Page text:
Sale leaseback strategies
Vendor take backs
Working capital needs also need to be addressed, proving that buyouts and acquisitions require specific solutions to facilitate your transaction.
If you're looking to successfully explore the key aspects of buying and selling a business seek out and speak to a trusted, credible and experienced Canadian business financing advisor with a track record of business acquisition success, who can assist you with buying or selling your business.
7 Park Avenue Financial :
South Sheridan Executive Centre
2910 South Sheridan Way
Click Here For 7 PARK AVENUE FINANCIAL website !
7 Park Avenue Financial provides value-added financing consultation for small and medium-sized businesses in the areas of cash flow, working capital, and debt financing.
Business financing for Canadian firms, specializing in working capital, cash flow, asset based financing, Equipment Leasing, franchise finance and Cdn. Tax Credit Finance. Founded 2004 - Completed in excess of 100 Million $ of financing for Canadian corporations.
Stan has had a successful career with some of the world’s largest and most successful corporations. He is an experienced
business financing consultant.
Prior to founding 7 Park Avenue Financial in 2004 his employers over the last 25 years were, ASHLAND OIL, ( 1977-1980) DIGITAL EQUIPMENT CORPORATION, ( 1980-1990) ) CABLE & WIRELESS PLC,( 1991 -1993) ) AND HEWLETT PACKARD ( 1994-2004 ) He is an expert in Canadian Business Financing.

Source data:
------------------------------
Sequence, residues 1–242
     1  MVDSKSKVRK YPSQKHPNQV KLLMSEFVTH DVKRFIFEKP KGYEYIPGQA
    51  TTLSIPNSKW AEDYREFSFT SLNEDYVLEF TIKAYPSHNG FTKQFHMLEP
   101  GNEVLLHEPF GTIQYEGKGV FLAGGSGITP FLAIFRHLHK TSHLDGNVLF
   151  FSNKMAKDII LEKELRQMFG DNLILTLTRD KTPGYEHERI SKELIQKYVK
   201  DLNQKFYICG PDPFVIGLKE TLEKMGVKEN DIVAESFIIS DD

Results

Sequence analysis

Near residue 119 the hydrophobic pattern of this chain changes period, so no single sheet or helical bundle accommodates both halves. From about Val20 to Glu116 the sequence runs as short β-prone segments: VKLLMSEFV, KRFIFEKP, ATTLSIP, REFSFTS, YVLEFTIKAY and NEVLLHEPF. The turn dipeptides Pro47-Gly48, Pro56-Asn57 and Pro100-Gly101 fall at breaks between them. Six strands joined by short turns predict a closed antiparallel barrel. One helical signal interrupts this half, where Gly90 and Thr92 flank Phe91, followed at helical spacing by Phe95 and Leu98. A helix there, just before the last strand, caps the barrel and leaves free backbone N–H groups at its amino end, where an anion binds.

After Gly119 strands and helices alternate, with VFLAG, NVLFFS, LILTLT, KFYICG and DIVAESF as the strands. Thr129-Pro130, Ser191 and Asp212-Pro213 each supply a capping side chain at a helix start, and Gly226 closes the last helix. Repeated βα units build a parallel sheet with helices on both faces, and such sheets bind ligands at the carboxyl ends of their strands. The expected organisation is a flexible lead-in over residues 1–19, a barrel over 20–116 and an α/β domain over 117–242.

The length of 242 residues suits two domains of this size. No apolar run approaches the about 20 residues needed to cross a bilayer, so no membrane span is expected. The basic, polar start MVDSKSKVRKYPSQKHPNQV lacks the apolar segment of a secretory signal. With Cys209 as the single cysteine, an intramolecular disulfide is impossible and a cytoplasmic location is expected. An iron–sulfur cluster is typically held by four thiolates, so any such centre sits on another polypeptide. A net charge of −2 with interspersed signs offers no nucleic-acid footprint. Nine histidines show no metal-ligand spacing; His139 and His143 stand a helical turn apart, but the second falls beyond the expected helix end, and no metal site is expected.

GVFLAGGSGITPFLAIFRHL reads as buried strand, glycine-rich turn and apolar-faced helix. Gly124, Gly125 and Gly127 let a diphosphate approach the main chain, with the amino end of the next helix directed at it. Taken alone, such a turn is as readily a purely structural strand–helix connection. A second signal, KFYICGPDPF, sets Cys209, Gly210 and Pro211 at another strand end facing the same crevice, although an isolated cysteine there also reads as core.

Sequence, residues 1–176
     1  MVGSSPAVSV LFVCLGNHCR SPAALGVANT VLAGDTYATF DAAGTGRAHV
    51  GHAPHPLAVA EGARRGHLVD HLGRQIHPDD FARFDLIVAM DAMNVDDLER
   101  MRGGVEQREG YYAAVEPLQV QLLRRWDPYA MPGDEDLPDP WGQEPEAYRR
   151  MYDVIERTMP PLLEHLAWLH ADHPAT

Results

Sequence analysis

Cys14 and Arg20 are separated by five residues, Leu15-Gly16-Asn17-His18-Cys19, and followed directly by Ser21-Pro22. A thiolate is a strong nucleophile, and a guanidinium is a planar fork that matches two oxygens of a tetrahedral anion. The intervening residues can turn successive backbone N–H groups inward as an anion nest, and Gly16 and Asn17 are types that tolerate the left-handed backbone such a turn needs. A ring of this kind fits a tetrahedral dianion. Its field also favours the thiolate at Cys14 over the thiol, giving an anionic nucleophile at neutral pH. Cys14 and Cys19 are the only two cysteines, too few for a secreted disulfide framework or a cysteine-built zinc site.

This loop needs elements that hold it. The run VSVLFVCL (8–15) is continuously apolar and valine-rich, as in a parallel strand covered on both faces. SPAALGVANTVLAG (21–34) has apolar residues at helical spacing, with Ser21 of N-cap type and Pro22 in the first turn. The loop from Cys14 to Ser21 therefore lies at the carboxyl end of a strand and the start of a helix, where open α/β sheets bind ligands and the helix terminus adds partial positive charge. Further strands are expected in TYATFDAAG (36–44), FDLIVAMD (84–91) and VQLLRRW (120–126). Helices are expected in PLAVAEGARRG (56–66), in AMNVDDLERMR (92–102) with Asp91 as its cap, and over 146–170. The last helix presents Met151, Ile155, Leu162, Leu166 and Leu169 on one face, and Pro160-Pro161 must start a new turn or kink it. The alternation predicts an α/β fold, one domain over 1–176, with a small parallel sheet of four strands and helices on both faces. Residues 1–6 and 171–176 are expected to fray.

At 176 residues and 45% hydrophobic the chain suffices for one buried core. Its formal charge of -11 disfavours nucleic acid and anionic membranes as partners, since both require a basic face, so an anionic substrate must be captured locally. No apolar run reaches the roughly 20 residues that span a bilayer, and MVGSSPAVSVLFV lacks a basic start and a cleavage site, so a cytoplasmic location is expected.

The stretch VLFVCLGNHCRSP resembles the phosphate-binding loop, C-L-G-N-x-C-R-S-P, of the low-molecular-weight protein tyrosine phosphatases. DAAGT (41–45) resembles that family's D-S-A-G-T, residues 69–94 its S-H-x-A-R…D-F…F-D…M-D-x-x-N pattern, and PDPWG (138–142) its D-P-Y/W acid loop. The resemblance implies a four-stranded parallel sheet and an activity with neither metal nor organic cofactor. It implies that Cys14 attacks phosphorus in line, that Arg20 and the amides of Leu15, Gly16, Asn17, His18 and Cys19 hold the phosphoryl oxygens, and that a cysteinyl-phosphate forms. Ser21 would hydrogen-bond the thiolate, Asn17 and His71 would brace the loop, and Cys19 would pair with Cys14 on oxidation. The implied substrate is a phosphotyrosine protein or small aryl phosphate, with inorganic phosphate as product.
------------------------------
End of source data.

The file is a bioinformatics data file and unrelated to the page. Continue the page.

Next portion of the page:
Stan has over 40 years of business and financing experience. He has been recognized as a credit/financial executive for three of the largest technology companies in the world; Hewlett-Packard, Digital Equipment and Cable & Wireless. Stan has had in-depth, hands-on experience in assessing and evaluating thousands of companies that are seeking financing and expansion.
He has been instrumental in helping many companies progress through every phase of financing, mergers & acquisitions, sales and marketing and human resources. Stan has worked with startups and public corporations and has many times established the financial wherewithal of organizations before approving millions of dollars of financing facilities and instruments on behalf of his employers.
7 Park Avenue Financial/Copyright/2020